The village stood on the slopes of a rocky hill north of Wadi al-Bassa, and faced toward the Mediterranean coast. A secondary coast linked it to the Acre-Beirut coastal highway. It was located 19 km north of Acre.
According to two Israeli sources and a United Press dispatch, al-Bassa was occupied on 14 May 1948, during Operation Ben-Ami. Palestinian historian 'Arif al-'Arif puts it three days earlier, however, on 11 May. The History of the Haganah relates that Zionist forces landed at this coastal village in boats, so that "this was in a certain sense the first operation by the naval forces." It adds that the inhabitants fled "at the appearance of Jewish forces." But eyewitnesses, later interviewed by Palestinian historiian Nafez Nazzal, related a different set of events. They said that many women and children had been evacuated earlier in anticipation of an attack, but that some stayed put. On the day of the attack, the village militiamen were taken by surprise and retreated northwards. Villagers recalled that the occupying forces ordered all those who remained, mostly old people, to gather in the village church. There, they took a few of the younger people (including at least one woman) and shot them dead outside the church, ordering the others to bury them. Israeli historian Benny Morris does not mention this incident; he states that the majority of inhabitants had already been evacuated and most of the rest "fled during the assault." He adds that some were then "ordered or 'advised' to go northwards, to Lebanon", and that another 100 or so villagers (mainly old people and Christians) were transported to the village of al-Mazra'a, along with other displaced villagers from Galilee. According to Nazzal, a few villagers were later killed as they tried to return to the village to salvage their belongings.
Israeli founded the settlement of Betzet in 1949 in the village site and populated it with Jewish immigrants from Romanian and Yougoslavia. A military airport of the same name was built near the settlement. In the same year, settlers from the Yiftach Brigade of the Palmach established the settlement of Kefar Ro'sh ha-Niqra on village lands. Leman, also built in 1949, was established to the east of the site on village lands. Leman was originally a military base called Tzahal, but it was renamed after U.S. Senator Herbert Lehman visited the settlement in 1959. Shelomi, a development city, was established in 1950 on village lands and is located slightly to the south of the original village site; it now has a population of about 2,200. Matzuva, originally founded in 1940, has expanded, and now some of its buildings are on village lands.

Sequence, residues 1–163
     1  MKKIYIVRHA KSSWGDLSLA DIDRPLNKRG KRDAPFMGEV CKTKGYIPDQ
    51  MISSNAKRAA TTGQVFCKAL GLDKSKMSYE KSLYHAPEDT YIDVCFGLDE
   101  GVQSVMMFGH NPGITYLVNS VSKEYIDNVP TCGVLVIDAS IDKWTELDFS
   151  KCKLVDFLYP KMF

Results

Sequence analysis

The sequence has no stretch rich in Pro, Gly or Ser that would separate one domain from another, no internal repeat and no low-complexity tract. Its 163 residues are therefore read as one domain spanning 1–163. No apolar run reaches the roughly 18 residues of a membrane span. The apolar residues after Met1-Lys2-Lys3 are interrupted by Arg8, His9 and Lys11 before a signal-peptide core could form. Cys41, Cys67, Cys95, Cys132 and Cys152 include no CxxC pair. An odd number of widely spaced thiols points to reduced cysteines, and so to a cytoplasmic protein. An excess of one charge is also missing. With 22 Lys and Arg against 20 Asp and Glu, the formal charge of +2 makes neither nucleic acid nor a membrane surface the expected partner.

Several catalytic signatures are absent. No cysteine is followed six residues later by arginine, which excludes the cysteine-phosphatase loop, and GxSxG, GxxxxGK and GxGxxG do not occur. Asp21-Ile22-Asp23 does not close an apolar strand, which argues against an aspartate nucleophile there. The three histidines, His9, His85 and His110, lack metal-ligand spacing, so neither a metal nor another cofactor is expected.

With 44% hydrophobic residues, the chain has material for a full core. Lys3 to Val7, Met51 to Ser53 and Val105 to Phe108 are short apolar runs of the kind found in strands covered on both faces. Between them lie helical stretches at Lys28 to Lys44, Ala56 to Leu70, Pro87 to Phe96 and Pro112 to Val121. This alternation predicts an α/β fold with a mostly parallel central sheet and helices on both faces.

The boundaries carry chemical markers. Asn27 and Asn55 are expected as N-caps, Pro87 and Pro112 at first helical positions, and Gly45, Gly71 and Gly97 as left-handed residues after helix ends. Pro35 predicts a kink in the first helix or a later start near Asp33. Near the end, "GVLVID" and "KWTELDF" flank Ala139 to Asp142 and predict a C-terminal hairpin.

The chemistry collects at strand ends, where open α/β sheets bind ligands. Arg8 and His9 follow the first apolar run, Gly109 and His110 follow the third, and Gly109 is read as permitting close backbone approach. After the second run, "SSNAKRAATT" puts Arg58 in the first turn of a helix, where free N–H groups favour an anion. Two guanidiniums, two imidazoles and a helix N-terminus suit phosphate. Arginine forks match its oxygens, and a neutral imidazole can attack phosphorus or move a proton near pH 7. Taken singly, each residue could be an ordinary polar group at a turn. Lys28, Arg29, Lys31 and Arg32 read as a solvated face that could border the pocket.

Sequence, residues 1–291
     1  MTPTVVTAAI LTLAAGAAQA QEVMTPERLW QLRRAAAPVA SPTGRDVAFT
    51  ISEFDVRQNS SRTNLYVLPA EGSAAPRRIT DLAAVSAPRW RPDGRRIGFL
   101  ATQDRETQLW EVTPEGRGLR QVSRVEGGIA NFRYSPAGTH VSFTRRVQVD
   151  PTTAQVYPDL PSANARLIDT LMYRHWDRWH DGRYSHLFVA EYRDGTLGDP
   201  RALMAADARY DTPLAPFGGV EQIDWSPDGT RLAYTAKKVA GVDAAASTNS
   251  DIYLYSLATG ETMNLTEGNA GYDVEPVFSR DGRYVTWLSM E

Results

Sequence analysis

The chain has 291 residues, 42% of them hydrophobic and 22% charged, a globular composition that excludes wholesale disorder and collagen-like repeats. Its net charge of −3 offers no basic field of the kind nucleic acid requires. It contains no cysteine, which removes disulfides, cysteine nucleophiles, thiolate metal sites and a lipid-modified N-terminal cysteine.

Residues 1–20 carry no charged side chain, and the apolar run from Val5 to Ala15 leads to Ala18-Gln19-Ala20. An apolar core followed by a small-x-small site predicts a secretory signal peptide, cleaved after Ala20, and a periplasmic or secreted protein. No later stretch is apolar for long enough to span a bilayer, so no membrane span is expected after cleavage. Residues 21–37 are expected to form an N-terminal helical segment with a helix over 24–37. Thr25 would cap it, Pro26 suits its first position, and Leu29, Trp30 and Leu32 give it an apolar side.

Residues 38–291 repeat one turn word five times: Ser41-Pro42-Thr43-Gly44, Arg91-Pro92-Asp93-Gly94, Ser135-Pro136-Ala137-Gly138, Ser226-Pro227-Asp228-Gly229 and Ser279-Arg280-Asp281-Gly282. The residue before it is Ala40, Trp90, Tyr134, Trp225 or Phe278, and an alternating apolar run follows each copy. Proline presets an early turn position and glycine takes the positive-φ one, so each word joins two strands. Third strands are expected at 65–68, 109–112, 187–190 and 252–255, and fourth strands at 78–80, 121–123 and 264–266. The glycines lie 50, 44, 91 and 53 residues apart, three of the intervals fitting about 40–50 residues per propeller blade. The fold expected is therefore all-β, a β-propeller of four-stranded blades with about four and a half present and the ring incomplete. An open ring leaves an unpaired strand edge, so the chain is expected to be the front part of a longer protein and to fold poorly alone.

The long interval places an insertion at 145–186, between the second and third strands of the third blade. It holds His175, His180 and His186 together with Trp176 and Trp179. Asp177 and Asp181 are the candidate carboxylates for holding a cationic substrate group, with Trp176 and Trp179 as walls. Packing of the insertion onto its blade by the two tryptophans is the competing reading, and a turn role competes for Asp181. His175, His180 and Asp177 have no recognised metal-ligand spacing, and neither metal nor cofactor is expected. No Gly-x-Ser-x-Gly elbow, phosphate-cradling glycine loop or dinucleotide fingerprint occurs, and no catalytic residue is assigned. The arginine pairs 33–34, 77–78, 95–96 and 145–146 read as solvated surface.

Only two of the main buildings of the village, a Greek Catholic church and a Muslim shrine, are extant. The churhc, made of stone, is rich in architectural features, including one high window with a circular arch, flanked by two smaller ones with similar arches. The pulpit area, at one end of the structure, is half-cylindrical and also has high arched windows. The belfry rises from a gabled, tiled roof. This church is now collapsing on one side and its walls are cracking. The Muslim shrine is domed and stand deserted in the midst of many trees, including two palms. A number of village hosues remain, some ocucpied by Israelis. One of them is a large two-storey building that has both rectangular and arched doors and windows. The frame of one door is made up of four circular columns, two on each side, and a lintel, with decorative carvings. Above the lintel there is an additional decorative arch. Fig trees, thorns, cactuses, and piles of stone from destroyed houses are scattered across other parts of the site. The lands around the village are cultivated.